What Do Employers See as the Benefits of Assistance Programs?

By Bowers, Mollie; DeCenzo, David et al. | Risk Management, October 1989 | Go to article overview

What Do Employers See as the Benefits of Assistance Programs?


Bowers, Mollie, DeCenzo, David, Walton, Charles, Grazer, William, Risk Management


What Do Employers See As the Benefits Of Assistance Programs?

The personal and professional lives of employees at any level in an organization are inextricably intertwined. Although some organizations still engage in denial, facts show that problems such as alcoholism, substance abuse, stress, smoking, and family and financial concerns do not recognize any line of demarcation between home and office. Until the 1980s, most organizations in the public and private sectors coped with these problems by accepting the consequences of suffering low productivity, profitability and morale, or firing troubled employees and sustaining increased costs or recruiting, training and morale.

Today, organizations have the opportunity of investing in employee assistance programs (EAPs) as a means of improving job performance, profitability and the quality of work life by helping employees through difficult times. EAPs also offer a number of other benefits, including the containment of health care costs, responsiveness to employee interest in wellness and prevention programs, a reduction in absenteeism, turnover and disciplinary problems, and an enhanced public image. As a result of these benefits, more and more organizations are adopting EAPs as an integral part of their employee benefit package.

In recognition of this trend and of the resource conscious environment in which many companies exist, we determined that a valuable contribution could be made by investigating the actual costs and benefits of EAPs to various organizations.

Methodology

The participating organizations for this study originated from a random sample of 2,000 small, medium and large private and public sector organizations chosen from a list purchased from the American Society for Personnel Administrators (ASPA). The intent was to explore the influence of several variables such as internal versus external providers, scope of employees and benefits covered and the impetus for adoption in small, medium, and large organizations.

Surveys were sent to the human resource management, benefit, and health and safety administrators on the list with an assurance of anonymity. Also, a summary of the results was offered to those who requested this information under separate cover.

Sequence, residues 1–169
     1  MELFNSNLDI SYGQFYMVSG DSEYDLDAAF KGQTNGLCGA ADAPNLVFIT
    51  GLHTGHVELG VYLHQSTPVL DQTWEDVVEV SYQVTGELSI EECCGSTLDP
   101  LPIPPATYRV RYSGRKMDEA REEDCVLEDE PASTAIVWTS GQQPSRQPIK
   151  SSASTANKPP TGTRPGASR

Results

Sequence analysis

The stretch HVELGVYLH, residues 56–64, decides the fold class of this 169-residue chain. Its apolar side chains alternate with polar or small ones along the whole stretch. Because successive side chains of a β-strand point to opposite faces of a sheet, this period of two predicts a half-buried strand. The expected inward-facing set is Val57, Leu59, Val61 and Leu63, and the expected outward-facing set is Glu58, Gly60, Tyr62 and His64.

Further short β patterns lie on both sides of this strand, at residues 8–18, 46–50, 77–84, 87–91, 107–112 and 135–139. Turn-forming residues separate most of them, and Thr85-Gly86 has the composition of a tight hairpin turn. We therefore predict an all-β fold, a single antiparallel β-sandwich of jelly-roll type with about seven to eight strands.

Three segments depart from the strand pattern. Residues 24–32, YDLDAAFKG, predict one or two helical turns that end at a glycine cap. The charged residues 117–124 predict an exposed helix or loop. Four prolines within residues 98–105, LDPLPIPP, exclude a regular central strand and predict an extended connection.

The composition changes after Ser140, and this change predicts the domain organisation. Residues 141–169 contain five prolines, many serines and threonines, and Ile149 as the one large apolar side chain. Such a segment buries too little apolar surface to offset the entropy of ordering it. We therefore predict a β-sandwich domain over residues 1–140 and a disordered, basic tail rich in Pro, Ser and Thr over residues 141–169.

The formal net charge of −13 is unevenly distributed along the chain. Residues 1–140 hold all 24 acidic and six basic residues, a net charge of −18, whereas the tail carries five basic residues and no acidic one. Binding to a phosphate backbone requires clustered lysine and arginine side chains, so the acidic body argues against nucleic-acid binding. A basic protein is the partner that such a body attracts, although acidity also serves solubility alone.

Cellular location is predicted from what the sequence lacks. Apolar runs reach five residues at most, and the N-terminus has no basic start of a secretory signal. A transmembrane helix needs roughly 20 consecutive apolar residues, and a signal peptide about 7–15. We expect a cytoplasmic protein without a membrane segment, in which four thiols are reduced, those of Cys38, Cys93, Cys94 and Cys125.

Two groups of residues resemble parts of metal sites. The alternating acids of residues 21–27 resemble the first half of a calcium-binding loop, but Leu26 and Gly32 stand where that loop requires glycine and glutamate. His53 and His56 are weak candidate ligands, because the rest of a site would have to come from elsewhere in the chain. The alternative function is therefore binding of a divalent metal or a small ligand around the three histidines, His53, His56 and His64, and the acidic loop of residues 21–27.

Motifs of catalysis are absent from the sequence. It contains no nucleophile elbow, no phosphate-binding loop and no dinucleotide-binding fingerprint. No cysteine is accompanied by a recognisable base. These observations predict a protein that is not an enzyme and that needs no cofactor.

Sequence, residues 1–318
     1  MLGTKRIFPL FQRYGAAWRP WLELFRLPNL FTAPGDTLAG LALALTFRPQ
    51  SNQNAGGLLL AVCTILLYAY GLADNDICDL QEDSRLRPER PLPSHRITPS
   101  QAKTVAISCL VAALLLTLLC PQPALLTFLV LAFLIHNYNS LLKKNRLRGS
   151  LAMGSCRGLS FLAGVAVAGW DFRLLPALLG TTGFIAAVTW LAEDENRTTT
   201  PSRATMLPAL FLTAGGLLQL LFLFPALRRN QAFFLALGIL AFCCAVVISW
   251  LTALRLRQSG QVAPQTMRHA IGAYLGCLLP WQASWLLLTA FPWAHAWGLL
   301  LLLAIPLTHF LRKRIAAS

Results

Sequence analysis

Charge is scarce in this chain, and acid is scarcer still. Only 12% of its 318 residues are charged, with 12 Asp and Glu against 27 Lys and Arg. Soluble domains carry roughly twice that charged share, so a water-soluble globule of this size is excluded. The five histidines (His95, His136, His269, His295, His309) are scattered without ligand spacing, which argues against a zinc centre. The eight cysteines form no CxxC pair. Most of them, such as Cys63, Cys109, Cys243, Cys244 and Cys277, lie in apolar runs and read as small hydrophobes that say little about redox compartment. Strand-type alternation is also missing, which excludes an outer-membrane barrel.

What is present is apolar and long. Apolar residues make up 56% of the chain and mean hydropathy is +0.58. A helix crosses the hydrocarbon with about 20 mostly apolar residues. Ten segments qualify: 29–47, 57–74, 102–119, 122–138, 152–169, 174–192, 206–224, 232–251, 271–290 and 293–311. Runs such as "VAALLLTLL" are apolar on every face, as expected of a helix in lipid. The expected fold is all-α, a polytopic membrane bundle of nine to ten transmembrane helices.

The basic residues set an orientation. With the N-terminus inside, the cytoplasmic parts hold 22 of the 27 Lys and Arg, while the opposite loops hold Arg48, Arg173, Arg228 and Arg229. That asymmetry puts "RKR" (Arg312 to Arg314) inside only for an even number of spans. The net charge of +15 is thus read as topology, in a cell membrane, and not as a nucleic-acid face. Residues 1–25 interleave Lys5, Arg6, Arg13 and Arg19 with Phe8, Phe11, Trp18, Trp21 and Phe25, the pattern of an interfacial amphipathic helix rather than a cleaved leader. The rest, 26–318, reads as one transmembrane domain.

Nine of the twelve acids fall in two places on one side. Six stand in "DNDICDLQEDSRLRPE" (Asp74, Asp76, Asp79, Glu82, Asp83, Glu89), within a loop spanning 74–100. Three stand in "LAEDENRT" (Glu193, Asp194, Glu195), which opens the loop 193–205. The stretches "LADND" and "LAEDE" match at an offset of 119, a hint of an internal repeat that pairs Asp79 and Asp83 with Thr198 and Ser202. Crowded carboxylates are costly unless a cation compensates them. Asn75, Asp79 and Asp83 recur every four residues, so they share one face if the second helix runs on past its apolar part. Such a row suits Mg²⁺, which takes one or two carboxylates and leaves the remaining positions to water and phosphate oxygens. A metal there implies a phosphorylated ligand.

Variables included in the questionnaire were selected after a review of EAP literature and interviews with a sample of EAP administrators. A test questionnaire was developed and administered to 10 human resource managers and 10 graduate MBA students to determine whether or not the questions were understandable and relevant to the study of EAPs.

The questionnaire was divided into the following five areas of investigation: organizational characteristics of the respondents; reasons for adopting an EAP; type and scope of services offered by the EAP; knowledge of and factors used in assessing the costs of an EAP; and effects and benefits of the EAP. Average annual EAP costs were also included in the information collected.

Preliminary testing of the results confirmed that the participant organizations lacked cost and benefit measurement systems for EAPs. The lack of precision in cost/benefit data and the subjective nature of some responses favored questions that asked for ranges rather than single figures.

Characteristics of Respondents

Responses were received from 377 (18.9 percent) of the 2,000 organizations on the ASPA list. A preliminary analysis of the data indicated that the respondents came disproportionately from organizations having 25,000 or fewer employees and total annual sales of the respondents was less than $500 million. These responses were inconsistent with the findings of an earlier study which cited a higher rate of questionnaire return can be expected from much larger organizations. The basis for this assumption was that in larger organizations there was a greater likelihood that the data necessary to answere questions regarding costs and benefits of EAPs would have been collected and analyzed by computerized information systems. …